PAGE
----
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Bernard Munyagishari, a former Hutu militia leader wanted on charges of murder and rape in connection with the Rwanda genocide, is caught in Democratic Republic of Congo after 17 years
Bernard Munyagishari, a former Hutu militia leader accused of planning the killing of Tutsis and moderate Hutus in the Rwandan genocide in 1994, was arrested Thursday in the Democratic Republic of Congo. He had been at large for 17 years.
He was caught by the Congolese army and a tracking team in North Kivu, in the eastern part of DRC, where many of the masterminds of the genocide are believed to be hiding out, BBC News reported.
Munyagishari, 52 years old, operated in Gisenyi, in the west of the country, where he had been a schoolteacher and football referee. He is accused of being the leader of the Interahamwe militia in the region, and allegedly trained and armed fighters and instigated attacks on people who sought shelter in churches. He also allegedly operated a militia arm that raped and tortured women, according to the Guardian. He is charged with genocide, murder and rape and is expected to be transferred to the International Criminal Tribunal for Rwanda, a court set up in Tanzania to try leaders of the genocide.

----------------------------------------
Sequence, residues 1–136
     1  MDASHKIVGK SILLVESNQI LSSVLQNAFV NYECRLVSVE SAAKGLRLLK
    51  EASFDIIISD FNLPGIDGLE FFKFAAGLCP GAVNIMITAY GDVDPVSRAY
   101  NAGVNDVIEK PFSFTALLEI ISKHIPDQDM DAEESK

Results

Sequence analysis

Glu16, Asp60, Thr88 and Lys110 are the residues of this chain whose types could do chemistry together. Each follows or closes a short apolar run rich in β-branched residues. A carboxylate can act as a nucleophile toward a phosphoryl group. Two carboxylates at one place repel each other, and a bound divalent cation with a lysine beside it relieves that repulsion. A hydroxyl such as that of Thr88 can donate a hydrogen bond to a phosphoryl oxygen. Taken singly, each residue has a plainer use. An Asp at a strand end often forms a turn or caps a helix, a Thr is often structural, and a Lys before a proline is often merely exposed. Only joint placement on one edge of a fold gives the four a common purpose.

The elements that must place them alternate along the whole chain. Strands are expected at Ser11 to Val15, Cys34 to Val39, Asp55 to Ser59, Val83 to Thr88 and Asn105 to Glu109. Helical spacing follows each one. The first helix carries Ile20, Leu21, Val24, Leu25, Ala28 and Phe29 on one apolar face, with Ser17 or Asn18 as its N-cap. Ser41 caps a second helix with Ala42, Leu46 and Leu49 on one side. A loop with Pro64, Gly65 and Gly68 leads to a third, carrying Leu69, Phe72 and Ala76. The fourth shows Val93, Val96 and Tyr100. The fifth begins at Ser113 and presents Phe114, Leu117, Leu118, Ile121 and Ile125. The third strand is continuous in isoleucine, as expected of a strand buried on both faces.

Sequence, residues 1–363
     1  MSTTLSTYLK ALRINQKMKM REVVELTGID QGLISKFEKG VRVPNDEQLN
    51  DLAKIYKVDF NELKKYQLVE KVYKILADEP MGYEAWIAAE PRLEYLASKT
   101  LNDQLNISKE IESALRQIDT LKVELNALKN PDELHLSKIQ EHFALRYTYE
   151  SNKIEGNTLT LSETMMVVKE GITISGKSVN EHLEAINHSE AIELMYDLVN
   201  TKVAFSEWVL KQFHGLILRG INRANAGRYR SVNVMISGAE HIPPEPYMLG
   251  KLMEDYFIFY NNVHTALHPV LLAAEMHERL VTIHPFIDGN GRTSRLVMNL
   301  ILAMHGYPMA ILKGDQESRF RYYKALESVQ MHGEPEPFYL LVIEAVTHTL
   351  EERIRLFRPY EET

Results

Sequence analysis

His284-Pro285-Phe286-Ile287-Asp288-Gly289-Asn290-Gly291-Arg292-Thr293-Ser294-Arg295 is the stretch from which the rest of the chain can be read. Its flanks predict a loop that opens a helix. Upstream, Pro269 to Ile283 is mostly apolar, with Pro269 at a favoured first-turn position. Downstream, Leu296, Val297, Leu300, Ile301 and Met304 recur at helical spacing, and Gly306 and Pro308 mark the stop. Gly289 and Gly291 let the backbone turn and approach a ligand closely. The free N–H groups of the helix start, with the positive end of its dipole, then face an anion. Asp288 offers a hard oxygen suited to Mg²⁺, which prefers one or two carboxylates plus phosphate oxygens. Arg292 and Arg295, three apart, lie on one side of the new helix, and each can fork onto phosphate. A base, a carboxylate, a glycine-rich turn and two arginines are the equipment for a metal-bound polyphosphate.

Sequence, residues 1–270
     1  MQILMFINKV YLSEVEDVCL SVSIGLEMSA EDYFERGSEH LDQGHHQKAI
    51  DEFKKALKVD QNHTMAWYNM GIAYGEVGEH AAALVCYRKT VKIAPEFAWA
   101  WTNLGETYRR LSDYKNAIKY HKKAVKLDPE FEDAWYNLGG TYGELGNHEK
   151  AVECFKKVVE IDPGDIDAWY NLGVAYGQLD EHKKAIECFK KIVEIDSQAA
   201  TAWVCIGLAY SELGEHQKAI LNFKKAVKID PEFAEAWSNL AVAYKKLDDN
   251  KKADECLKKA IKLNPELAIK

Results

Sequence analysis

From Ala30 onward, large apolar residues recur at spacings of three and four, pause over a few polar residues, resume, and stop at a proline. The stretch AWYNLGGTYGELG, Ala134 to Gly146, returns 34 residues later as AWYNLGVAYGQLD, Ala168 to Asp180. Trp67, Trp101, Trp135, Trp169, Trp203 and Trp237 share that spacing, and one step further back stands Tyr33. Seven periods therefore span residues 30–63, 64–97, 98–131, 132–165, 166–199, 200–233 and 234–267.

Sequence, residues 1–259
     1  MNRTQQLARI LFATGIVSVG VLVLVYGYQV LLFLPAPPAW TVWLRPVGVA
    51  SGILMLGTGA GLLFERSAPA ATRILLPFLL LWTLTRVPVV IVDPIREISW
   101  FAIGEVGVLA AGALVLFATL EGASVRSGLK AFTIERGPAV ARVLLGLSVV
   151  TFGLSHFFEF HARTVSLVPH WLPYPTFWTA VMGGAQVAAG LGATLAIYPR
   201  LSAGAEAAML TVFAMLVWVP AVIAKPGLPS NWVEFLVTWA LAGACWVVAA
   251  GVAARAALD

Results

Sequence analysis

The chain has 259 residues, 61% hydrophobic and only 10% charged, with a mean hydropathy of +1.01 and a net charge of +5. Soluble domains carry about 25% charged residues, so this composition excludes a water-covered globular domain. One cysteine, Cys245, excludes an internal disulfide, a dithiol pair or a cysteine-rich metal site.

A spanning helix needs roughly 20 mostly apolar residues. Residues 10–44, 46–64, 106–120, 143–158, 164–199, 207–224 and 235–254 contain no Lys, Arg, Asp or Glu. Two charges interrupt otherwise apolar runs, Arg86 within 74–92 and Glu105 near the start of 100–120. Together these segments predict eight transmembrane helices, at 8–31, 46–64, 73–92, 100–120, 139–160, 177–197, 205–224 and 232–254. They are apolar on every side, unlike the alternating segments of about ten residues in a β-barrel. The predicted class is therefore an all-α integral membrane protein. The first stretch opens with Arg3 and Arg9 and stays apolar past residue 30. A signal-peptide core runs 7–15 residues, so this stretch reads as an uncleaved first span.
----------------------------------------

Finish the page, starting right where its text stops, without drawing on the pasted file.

The court said: "The accused is alleged to have recruited, trained and led Interahamwe militiamen in mass killings and rapes of Tutsi women in Gisenyi and beyond, between April and July 1994."
During that time, he was often seen armed with a club and guns and wearing a military uniform, though he was never a member of the Rwandan armed forces. He was secretary general of the National Republican Movement for Democracy and Development for the city of Gisenyi and president of the Interahamwe militia for the Gisenyi prefecture.
About 800,000 minority Tutsis and moderate Hutus were killed in the Rwandan genocide in 100 days.The victims were often referred to as "cockroaches," according to the Guardian.
The arrests of Munyagishari and of the Bosnian Serb Ratko Mladic earlier Thursday leave ten of the highest-profile war-crimes fugitives still at large, according to Salon.com. Nine of them were allegedly involved in war crimes in Rwanda; one in European war crimes.